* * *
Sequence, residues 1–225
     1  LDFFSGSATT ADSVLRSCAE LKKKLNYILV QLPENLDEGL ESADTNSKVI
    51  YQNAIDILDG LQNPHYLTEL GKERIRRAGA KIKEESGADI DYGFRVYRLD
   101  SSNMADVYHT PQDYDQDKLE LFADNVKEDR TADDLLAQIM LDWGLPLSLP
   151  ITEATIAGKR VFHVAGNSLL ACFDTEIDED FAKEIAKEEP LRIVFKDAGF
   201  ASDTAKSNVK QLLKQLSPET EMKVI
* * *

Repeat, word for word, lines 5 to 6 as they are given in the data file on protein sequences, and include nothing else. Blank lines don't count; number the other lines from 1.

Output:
   151  ITEATIAGKR VFHVAGNSLL ACFDTEIDED FAKEIAKEEP LRIVFKDAGF
   201  ASDTAKSNVK QLLKQLSPET EMKVI